Preparations are almost complete for the ‘Syria Matters’ exhibition, organised by the Museum of Islamic Art (MIA) in Doha as part of its 10-year anniversary celebrations.
The exhibition, a first of its kind in the region, is due to open to the public on November 22, it was announced on Thursday.
Co-curated by Dr Julia Gonnella, director of MIA and Rania Abdellatif, the exhibition features more than 100 iconic pieces including Syrian pre-Islamic artefacts, Orientalist paintings and photographs, as well as precious works of Islamic art from Syria’s rich history: early Qur’ans, medieval manuscripts, glass, ceramics, textiles and colourful tiles.
It will also show newly conserved elements of a former wooden interior decoration from a private Damascus house.
Some of these pieces are important loans from the various Qatar Museums collections, notably the Orientalist Museum, as well from the Qatar National Library, the Sheikh Faisal Bin Qassim Museum and other private collections.
They are presently being installed at the museum.
They are complemented by rare treasures from the Hermitage in St Petersburg, the Louvre in Paris, Berlin’s Museum of Ancient Near Eastern Art the Berlin State Library, the British Library and the Türk ve Eserleri Müzesi in Istanbul.
As part of QM’s pledge to safeguard Syria’s unique cultural legacy, visitors will be able to encounter some of Syria’s most iconic World Heritage sites, such as Damascus but also Palmyra and the citadel of Aleppo, which has seen so much suffering during the war, in a specially designed immersive film experience by the French company Iconem.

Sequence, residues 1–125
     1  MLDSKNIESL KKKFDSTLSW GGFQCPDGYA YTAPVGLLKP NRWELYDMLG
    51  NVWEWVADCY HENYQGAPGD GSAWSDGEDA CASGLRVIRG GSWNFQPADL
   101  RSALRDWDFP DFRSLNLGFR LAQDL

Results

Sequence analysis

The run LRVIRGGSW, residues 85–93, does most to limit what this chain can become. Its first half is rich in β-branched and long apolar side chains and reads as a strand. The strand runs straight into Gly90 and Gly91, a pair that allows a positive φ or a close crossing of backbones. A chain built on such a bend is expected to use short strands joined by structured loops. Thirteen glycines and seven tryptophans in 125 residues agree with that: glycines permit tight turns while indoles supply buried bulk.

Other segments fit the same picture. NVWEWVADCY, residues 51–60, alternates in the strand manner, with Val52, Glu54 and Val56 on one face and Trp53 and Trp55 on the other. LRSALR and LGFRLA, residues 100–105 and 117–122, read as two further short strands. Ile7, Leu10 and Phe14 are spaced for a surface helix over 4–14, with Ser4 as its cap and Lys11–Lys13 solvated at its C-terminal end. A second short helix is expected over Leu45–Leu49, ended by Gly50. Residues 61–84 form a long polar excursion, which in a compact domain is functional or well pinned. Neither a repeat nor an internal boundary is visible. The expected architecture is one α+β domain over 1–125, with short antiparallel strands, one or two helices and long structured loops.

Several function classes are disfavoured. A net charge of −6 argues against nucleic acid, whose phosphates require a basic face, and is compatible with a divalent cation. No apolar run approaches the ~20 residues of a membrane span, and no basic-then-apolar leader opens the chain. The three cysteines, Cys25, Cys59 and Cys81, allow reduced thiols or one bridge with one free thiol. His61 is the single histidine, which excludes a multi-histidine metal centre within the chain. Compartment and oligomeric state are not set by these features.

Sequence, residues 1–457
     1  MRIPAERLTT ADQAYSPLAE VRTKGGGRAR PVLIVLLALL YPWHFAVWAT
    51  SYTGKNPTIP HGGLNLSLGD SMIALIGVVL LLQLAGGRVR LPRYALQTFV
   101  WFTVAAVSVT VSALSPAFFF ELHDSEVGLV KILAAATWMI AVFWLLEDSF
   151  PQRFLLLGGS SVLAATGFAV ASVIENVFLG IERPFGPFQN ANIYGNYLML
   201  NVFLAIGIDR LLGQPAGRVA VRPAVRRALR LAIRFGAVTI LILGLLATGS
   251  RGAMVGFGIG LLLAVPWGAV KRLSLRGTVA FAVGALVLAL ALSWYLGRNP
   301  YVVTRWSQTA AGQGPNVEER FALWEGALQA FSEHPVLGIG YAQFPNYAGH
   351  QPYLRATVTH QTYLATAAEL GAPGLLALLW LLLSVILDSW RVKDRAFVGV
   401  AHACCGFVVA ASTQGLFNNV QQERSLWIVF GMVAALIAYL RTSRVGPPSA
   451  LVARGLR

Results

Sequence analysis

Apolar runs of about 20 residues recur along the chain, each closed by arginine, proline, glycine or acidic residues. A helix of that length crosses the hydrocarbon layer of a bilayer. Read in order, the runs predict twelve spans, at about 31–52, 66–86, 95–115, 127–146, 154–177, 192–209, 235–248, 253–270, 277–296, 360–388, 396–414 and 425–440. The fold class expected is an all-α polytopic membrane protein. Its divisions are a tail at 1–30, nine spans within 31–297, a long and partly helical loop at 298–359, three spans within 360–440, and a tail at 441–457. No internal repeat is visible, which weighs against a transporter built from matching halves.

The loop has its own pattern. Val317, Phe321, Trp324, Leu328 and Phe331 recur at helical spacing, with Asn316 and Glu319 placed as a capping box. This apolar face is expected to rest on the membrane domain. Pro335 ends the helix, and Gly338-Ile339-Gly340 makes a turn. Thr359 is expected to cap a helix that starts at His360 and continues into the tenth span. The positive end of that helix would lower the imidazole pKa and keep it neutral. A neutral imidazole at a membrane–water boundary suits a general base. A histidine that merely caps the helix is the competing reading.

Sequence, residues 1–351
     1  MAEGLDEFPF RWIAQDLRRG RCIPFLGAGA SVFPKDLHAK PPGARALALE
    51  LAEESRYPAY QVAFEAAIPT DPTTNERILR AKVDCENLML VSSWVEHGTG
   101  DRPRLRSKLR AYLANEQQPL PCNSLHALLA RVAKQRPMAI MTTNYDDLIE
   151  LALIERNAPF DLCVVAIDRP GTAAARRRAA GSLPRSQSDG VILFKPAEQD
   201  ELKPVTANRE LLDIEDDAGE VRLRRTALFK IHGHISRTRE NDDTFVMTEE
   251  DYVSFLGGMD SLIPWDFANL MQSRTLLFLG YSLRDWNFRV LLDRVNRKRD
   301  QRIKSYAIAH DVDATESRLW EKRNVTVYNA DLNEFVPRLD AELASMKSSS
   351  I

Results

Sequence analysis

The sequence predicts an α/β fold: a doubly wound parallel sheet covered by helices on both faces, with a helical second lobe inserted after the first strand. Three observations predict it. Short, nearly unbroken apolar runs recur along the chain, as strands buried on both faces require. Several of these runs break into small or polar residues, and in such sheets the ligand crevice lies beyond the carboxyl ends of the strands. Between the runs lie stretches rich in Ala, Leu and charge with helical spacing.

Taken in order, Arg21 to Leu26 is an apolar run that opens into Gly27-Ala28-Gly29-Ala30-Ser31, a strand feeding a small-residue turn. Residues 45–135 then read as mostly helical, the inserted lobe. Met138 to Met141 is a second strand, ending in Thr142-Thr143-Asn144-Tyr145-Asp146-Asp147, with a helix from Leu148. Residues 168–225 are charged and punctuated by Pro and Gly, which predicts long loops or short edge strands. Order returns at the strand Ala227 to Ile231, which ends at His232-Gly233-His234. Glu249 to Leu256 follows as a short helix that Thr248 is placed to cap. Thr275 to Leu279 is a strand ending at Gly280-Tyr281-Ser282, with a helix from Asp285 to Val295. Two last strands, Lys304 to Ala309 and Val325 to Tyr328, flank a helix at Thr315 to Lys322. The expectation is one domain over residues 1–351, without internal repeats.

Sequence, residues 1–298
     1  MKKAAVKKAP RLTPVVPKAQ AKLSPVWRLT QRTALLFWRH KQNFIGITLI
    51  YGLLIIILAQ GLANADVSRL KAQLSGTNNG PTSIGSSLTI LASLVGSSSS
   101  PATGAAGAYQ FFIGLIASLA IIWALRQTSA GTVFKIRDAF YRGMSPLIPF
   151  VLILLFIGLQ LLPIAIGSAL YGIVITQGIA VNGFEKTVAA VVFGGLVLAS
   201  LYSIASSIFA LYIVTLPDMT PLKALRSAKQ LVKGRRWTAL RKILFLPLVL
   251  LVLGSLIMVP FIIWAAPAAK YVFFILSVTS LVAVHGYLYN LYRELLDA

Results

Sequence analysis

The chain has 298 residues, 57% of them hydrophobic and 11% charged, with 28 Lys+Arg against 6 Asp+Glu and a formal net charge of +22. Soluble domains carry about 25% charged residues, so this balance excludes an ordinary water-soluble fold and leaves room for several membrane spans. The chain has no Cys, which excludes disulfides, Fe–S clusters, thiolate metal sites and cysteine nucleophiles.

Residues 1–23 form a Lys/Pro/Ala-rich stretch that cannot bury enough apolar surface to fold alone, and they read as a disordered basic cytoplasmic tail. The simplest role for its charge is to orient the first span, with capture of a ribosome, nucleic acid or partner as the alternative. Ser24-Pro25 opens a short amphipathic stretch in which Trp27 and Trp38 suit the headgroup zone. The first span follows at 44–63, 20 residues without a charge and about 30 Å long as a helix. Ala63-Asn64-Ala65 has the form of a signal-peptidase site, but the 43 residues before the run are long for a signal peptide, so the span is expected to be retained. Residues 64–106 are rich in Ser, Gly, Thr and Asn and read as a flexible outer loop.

Some of the most important pieces on display include:
n A bird of prey, sculpted in basalt, from the archaeological site of Tell Halaf in Northern Syria, dating from the early 9th century BCE (Museum of Ancient Near Eastern Art, Berlin)
n A Palmyra relief with a camel, dating from the first half of 3rd century CE (Collection of Sheikh Saoud bin Muhammad Foundation)
n Paintings from QM’s Orientalist Collection including “The Great Caravan at Palmyra” circa 1785, Louis-François Cassas (1756-1827) and “Damascus”, circa 1860 by Edward Lear (1812-1888)
n The so-called Cavour Vase, which is the most spectacular example of a very small group of richly decorated cobalt blue and purple enameled and gilded glass vessels made in Syria or Egypt in the late 13th century CE (MIA Collection)
n A precious gilded blue flask made in the mid-12th century CE in or near what is today the Syrian city of Raqqa, situated on the Euphrates in the north-east of the country (MIA Collection).
Syria Matters Installations in progress
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